Tuesday, November 3, 2015

MISERY on Broadway

MISERY, adapted by William Goldman from Stephen King's bestseller begins with a simple, unassuming house. Snow is lightly falling. There is no grandiose opening of the curtain. The lights at the Broadhurst simply dim as the house rotates to reveal a sickly, exhausted Paul Sheldon (Bruce Willis). Annie Wilkes (Laurie Metcalf) is taking care of him like any friend or family member would, that is until we learn that she is the novelist's "Number One Fan" who also happened to rescue him from a near-fatal car accident. Annie shares her favorite memories of reading Paul's famous "Misery" series while helping him recover from his injuries, but soon he realizes that he is less of a patient and more of a hostage. When Annie finds Paul's latest work, a piece which Annie deems "vulgar," he realizes how truly demented she is. She forces him to burn the book. When Paul attempts to escape, Annie will stop at nothing to keep him there, taking measures that will turn your stomach, until he agrees to write the final installment of the Misery series. Annie even threatens to kill him if he does not complete the final Misery book with the necessary rewrites until it is to her liking. Using a typewriter without the letter "N," he is literally writing for his life.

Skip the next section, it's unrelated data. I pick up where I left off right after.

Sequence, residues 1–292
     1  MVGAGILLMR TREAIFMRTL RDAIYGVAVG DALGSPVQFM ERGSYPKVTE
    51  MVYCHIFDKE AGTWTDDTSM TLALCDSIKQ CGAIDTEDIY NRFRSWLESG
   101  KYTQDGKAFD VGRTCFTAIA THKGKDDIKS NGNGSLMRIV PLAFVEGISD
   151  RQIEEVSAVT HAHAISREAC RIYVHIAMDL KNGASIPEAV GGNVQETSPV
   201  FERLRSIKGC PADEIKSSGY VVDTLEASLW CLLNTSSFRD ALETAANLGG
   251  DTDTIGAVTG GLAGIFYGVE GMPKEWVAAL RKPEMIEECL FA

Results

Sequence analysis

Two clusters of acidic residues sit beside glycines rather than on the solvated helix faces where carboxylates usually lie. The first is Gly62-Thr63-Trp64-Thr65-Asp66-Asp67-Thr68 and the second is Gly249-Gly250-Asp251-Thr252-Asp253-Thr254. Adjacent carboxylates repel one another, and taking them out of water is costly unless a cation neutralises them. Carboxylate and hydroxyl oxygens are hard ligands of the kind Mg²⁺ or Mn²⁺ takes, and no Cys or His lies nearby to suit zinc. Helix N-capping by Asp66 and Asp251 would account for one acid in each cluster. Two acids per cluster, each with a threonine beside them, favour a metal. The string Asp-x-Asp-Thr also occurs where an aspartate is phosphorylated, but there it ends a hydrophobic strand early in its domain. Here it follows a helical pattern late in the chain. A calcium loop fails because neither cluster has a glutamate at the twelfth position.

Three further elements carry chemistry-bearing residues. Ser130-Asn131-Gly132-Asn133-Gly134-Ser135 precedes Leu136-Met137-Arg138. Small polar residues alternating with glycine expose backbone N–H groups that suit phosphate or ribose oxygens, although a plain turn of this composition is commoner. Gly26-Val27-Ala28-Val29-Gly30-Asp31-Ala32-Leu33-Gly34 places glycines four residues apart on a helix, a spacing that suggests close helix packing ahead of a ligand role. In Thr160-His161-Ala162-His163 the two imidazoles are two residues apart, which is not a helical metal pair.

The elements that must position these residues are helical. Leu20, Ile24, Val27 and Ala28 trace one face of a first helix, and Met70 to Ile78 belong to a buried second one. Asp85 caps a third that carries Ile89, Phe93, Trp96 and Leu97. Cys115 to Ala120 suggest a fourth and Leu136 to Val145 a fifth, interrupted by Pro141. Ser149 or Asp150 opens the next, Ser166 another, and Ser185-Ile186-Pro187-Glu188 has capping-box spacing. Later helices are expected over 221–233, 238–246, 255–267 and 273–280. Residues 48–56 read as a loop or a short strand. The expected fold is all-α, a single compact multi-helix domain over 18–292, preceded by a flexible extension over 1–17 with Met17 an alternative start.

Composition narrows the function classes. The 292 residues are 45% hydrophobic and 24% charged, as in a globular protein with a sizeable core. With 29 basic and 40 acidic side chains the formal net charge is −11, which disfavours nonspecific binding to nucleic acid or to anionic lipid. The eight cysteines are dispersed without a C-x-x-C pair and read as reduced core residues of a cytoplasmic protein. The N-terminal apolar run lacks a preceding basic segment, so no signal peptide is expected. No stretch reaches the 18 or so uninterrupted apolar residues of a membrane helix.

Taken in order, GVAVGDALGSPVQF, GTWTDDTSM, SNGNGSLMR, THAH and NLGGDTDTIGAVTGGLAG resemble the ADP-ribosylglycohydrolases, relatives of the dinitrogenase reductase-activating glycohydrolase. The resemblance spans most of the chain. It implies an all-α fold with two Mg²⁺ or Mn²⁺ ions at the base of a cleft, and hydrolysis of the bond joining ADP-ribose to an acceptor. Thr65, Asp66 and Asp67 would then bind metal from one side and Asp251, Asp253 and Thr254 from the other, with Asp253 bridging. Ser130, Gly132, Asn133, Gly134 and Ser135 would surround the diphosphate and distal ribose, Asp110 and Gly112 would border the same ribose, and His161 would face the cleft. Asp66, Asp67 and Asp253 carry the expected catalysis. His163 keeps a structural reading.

In the penultimate scene, Annie and Paul reach their final confrontation and only one of them makes it out of the quiet Colorado house. Stephen King is known for his suspense, but this production lacks the energy of the source material. There is no "edge of your seat" quality that you would hope for from King, something that the film did so brilliantly. It's certainly exciting to see stars onstage, but with so many fantastic pieces on Broadway this season, this does not top my list.